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Marshall v. Khan

Appellate Division of the Supreme Court of New York, Third Department
Jul 3, 2008
860 N.Y.S.2d 693 (N.Y. App. Div. 2008)

Opinion

July 3, 2008.

Appeal from an order of the Supreme Court (McNamara, J.), entered June 12, 2007 in Albany County, which, among other things, denied plaintiffs motion for partial summary judgment.

Before: Cardona, P.J., Peters, Carpinello and Stein, JJ.


This dispute concerning various parcels of real estate arose out of defendant Mahadaye S. Khan's employment as plaintiffs accountant and various services that she performed attendant to plaintiffs real estate investments. The main issue on this appeal concerns a piece of improved real property at 800 Delaware Avenue in the Town of Bethlehem, Albany County. Khan and her husband, defendant Abasali Khan (hereinafter collectively referred to as defendants), purchased said parcel in October 2003, giving a purchase money mortgage in the amount of $240,000 to Banknorth, N.A. as part of the transaction. Thereafter, in August 2005, defendants entered into a real estate contract to sell said property to plaintiff, also agreeing to lease him the property until the transfer of title. It is undisputed that plaintiff made timely payment of the $30,000 deposit required in the parties' contract, but thereafter defendants refused to close, contending that the price term for the property was too indefinite. In September 2005, plaintiff commenced the instant action seeking specific performance under the contract for 800 Delaware Avenue, as well as various relief concerning other properties in dispute between the parties. After defendants answered and asserted various counterclaims, plaintiff moved for summary judgment on his seventh cause of action, seeking, among other things, specific performance on the 800 Delaware Avenue contract. Defendants thereafter cross-moved for summary judgment. In June 2007, Supreme Court, as relevant here, denied plaintiffs motion for partial summary judgment, finding issues of fact with regard to the agreed-upon purchase price for the property. Plaintiff appeals and we now modify.

Where it is clear from the language of a contract that the parties intend to be bound and the court has available "an objective method for supplying a missing term, the court should endeavor to hold the parties to their bargain" ( Matter of 166 Mamaroneck Ave. Corp. v 151 E. Post Rd. Corp., 78 NY2d 88, 91; see Cobble Hill Nursing Home v Henry Warren Corp., 74 NY2d 475, 483, cert denied 498 US 816; F K Supply v Willowbrook Dev. Co., 288 AD2d 713, 715). This can be accomplished when the agreement itself provides a methodology for determining such term without the need for a new expression by the parties ( see Matter of 166 Mamaroneck Ave. Corp. v 151 E. Post Rd. Corp., 78 NY2d at 91-92; Cobble Hill Nursing Home v Henry Warren Corp., 74 NY2d at 483; Tufano v Morris, 286 AD2d 531, 534). Here, we find sufficient specificity within the four corners of the parties' contract to determine the purchase price.

Defendants contend that the price term is ambiguous where it refers to "the balance of the existing mortgage and interest with any and all fees" inasmuch as the contract does not specify at what point in time the mortgage balance is to be considered the purchase price. However, that term is further modified by precise instructions on how plaintiff was to make payments. The purchase price clause directs dates by which plaintiff was to make certain deposit payments and then directs that plaintiff is to "[p]ayoff existing Mortgage, Interest and fees and transfer cost." By directing plaintiff to take that specific action, we find that the contract clearly contemplated that the agreed-upon balance of the purchase price was the amount of the outstanding mortgage at the time of closing. Indeed, plaintiff could not be expected to "payoff more than was due and owing. Moreover, if the mortgage term were to refer to any different date, the price clause would have required plaintiff to pay an additional amount to defendants, i.e., the difference between the balance of the existing mortgage on that different date and the balance of the mortgage at closing. Thus, because the intent of the parties is readily discernible from the four corners of the agreement, and the balance of the purchase price ascertainable by obtaining a payoff amount from the holder of defendants' mortgage at the time of closing, we hold that plaintiff is entitled to specific performance of the contract for 800 Delaware Avenue ( see Cobble Hill Nursing Home v Henry Warren Corp., 74 NY2d at 478).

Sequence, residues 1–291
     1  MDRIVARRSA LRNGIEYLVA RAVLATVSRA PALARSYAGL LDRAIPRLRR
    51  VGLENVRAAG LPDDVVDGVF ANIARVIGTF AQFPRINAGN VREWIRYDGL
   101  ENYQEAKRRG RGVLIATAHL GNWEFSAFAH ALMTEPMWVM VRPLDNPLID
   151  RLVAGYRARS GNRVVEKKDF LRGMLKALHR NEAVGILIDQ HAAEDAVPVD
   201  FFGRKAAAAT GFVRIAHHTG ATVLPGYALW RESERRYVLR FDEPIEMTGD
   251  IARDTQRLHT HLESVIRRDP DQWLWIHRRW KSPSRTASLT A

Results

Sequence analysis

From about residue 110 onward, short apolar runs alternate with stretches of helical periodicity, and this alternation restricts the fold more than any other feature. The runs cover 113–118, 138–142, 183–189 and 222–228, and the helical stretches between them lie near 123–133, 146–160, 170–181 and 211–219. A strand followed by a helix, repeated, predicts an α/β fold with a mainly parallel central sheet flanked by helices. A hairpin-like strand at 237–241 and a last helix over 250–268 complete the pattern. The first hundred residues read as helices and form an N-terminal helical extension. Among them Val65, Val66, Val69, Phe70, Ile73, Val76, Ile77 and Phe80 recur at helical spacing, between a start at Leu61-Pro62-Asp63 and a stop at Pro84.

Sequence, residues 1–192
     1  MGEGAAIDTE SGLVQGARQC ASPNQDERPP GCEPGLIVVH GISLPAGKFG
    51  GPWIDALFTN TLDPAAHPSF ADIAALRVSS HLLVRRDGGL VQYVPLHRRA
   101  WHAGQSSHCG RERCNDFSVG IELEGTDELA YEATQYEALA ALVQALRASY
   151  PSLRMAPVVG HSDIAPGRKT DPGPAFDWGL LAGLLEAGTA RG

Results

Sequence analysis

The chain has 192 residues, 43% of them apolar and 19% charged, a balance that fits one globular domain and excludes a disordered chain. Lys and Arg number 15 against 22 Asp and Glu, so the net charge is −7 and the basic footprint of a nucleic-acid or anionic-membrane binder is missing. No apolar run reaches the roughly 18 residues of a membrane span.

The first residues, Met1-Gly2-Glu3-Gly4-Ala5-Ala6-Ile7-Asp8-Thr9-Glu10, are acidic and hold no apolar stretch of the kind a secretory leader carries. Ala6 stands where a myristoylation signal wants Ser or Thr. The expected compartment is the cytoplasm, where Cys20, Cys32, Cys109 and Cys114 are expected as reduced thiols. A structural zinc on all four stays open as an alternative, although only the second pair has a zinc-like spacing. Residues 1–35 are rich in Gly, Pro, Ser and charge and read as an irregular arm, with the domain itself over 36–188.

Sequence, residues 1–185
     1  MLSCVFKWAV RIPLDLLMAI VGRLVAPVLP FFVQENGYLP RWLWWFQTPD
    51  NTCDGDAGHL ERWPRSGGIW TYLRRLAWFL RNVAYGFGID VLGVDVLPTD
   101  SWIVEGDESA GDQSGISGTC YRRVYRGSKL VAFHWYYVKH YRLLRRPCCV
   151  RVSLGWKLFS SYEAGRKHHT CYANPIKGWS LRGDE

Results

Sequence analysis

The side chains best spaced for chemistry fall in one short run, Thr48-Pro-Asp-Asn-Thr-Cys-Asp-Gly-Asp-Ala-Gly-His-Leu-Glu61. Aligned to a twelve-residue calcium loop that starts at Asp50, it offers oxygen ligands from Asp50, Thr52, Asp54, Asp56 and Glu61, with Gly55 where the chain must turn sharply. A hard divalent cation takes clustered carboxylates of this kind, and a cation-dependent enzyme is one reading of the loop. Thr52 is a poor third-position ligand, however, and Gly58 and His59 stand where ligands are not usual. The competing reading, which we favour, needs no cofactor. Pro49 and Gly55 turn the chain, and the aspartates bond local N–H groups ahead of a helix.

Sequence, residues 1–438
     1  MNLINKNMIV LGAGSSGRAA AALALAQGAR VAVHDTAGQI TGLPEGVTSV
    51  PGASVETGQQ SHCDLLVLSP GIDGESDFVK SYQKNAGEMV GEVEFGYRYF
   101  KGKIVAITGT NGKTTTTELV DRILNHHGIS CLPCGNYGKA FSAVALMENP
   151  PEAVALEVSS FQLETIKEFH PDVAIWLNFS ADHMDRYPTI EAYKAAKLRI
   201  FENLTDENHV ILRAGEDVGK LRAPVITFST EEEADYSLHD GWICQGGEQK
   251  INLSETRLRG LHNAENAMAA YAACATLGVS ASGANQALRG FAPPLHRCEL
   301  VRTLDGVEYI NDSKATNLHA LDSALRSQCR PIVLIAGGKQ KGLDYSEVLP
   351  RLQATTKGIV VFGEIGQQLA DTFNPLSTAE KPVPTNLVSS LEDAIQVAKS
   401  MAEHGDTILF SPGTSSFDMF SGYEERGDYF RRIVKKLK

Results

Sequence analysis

We agree with Supreme Court that, on plaintiffs remaining claims, there are myriad issues of fact which preclude summary judgment ( see Winegrad v New York Univ. Med. Ctr., 64 NY2d 851, 853; Manufacturers Traders Trust Co. v Malick, 51 AD3d 1207, 1208-1209).

Ordered that the order is modified, on the law, without costs, by reversing so much thereof as denied plaintiffs motion for partial summary judgment; motion granted and plaintiff is awarded summary judgment on the seventh cause of action; and, as so modified, affirmed.


Summaries of

Marshall v. Khan

Appellate Division of the Supreme Court of New York, Third Department
Jul 3, 2008
860 N.Y.S.2d 693 (N.Y. App. Div. 2008)
Case details for

Marshall v. Khan

Case Details

Full title:RAYMOND MARSHALL, Appellant, v. MAHADAYE S. KHAN et al., Respondents

Court:Appellate Division of the Supreme Court of New York, Third Department

Date published: Jul 3, 2008

Citations

860 N.Y.S.2d 693 (N.Y. App. Div. 2008)
860 N.Y.S.2d 693

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